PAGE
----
Yahoo Answers was the most earnest place on the internet

“Who do you blame for Yahoo Answers getting shut down?” reads one of the final queries ever submitted to the venerable advice service. As of press time, it has garnered more than 250 responses, all from those who’ve regularly doled out their imperfect observations to countless eighth-graders, chronic hypochondriacs, political firebrands, and curious stoners throughout the 15-year life span of the site.

The premise of Yahoo Answers was simple: ask any question you want and receive solutions from anyone in the world. “[It] likely doesn’t turn a profit … instead of spending the money necessary to moderate they just decided to close the whole thing down,” theorizies a user named Bill, who has penned 11,182 of these answers during his career on the forum. Elsewhere, veterans blame the liberals or the conservatives, or lay the fault at the feet of the parent company, Verizon. There is no right or wrong way to contend with the death of an internet giant, especially when the inevitable is on the horizon. On May 4th, Yahoo Answers will enter a permanent read-only mode and functionally cease to exist. We may never know how babby is formed.

It’s unclear why Yahoo Answers is being sunset now. The company isn’t terminating any of its other services. Yahoo Finance, Yahoo Sports, and Yahoo Mail will all continue to exist. Yahoo simply said the product has become “less popular over the years” and suggested that it does not “deliver on Yahoo’s promise of providing premium trusted content.”

Forum habitués speculate that this execution is a result of the site’s glacial rhetorical shift toward psychedelic conspiracy and heated partisanship in recent years. Currently, the front page includes such burning inquiries like, “Will America survive 4 years of Joe Biden?” and “Will the summer be record riots by BLM and antifa?” In the thread where a user asks who is responsible for the site coming to an unceremonious end, someone replies: “left-wingers, they don’t want people to know the truth.” In that sense, maybe Bill’s postulation is right. Perhaps the powers that be at Yahoo simply grew tired of watching a public good mutate into yet another exhausting battlefront in the interminable American culture war and opted to cut their losses.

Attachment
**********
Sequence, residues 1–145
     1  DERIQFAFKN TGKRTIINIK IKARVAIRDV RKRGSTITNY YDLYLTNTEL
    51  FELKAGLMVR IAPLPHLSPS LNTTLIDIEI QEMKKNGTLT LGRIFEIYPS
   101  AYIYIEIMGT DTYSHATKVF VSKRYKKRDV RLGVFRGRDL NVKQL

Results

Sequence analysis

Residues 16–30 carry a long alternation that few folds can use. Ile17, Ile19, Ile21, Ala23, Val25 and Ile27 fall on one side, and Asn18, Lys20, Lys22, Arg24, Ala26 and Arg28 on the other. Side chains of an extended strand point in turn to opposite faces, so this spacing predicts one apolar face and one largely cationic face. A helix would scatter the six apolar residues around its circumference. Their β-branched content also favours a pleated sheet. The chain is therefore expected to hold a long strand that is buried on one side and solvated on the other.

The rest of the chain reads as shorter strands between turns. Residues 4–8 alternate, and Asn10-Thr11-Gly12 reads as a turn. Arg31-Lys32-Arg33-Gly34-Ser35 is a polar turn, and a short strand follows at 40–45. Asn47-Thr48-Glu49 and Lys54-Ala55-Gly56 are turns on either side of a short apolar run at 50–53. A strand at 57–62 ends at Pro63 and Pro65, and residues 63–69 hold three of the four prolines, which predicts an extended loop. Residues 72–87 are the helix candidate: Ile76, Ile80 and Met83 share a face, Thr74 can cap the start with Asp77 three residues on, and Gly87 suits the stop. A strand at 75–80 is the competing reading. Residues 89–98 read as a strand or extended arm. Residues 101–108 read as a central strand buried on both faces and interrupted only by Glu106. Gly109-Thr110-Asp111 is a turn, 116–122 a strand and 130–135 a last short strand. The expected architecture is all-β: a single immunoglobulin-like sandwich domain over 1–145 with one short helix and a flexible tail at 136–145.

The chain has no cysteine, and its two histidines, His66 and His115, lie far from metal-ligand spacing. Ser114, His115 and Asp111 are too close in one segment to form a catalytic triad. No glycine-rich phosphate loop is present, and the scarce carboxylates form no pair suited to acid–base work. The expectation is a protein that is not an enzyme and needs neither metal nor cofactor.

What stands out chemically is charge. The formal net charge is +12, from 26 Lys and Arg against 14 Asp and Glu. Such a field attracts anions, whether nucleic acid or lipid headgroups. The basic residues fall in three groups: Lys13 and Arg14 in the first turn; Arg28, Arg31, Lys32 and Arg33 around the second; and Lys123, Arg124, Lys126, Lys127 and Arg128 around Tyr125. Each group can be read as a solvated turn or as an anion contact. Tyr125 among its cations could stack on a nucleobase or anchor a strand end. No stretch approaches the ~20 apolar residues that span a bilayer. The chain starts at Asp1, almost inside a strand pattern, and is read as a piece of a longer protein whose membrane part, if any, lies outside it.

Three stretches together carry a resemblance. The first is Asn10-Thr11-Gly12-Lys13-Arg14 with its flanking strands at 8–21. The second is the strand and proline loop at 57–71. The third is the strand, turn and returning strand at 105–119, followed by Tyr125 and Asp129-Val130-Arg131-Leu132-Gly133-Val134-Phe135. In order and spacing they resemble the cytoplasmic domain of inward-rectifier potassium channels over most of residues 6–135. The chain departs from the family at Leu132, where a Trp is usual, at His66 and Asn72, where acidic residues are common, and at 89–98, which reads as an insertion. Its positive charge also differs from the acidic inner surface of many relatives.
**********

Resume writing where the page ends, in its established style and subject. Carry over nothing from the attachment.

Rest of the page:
That is the great tragedy of Yahoo Answers. Long before aggrieved reactionaries became barnacles to its abandoned underside in order to spout talking points imported directly from The Ingraham Angle, it existed as an extremely sincere, extremely harebrained epicenter of mindless juvenile interests. You can still see shadows of that former life, even now, if you look hard enough. “What does it feel like to be 50 years old?” writes one poster, a day before the announced shuttering. “I’m 17 I can’t even imagine what it must feel like to have been on planet Earth for that long.” The Yahoo Answers braintrust immediately mobilized to sate the thirst for knowledge. As usual, the results were scattershot in their saliency and applicability. “I am 61 and at that awkward age for men between 16 and 70,” answers an anonymous user, who has Phil beat with a whopping 18,066 total posts. “I can still misbehave!”

That was the spirit of the site; dubious questions met with dubious answers, the end result of trusting the ravenous pursuit of knowledge to those who possess enough free time to spend their days offering unverifiable insight to anonymous patrons. So many of the classic Yahoo Answers threads are written in a distinct mangled keyboard patois that belongs to both elementary-aged children and hunt-and-pecking sexagenarians alike. In 2021, when it feels like everyone in our life is chronically online, there is a strange, wistful sublimity in paging through the archives. Yahoo Answers represents an era where social media wasn’t chronically poisoned with irony and restless posturing; when the denizens of the internet were a little less afraid of the dreaded self-own. I already mentioned “How Is Babby Formed,” but who could forget, “Will my laptop get heavier if I put more files on it?” or “What is the right age to start teaching my dog about sex?” It was the most earnest place on the internet. There are no dumb questions, only Yahoo Answers.

But unfortunately, nothing is safe from the great polarization of American society, where every scrap of digital terrain — from the subdivisions of 4Chan to your grandmother’s Facebook page — has been transformed into a focal point of perpetual political resentment. Not even Yahoo Answers, whose name implies a wholesome search for utilitarian, objective truth, was immune to the rising tide of boneheaded nationalism. It’s instructive, I think, to know that basic human courtesies, like posing and answering questions, have been irredeemably poisoned by the bad-faith instincts of the cursed, modern internet. There is simply no feasible way to subsist as a True Neutral web entity anymore. Yahoo Answers is just the latest casualty.

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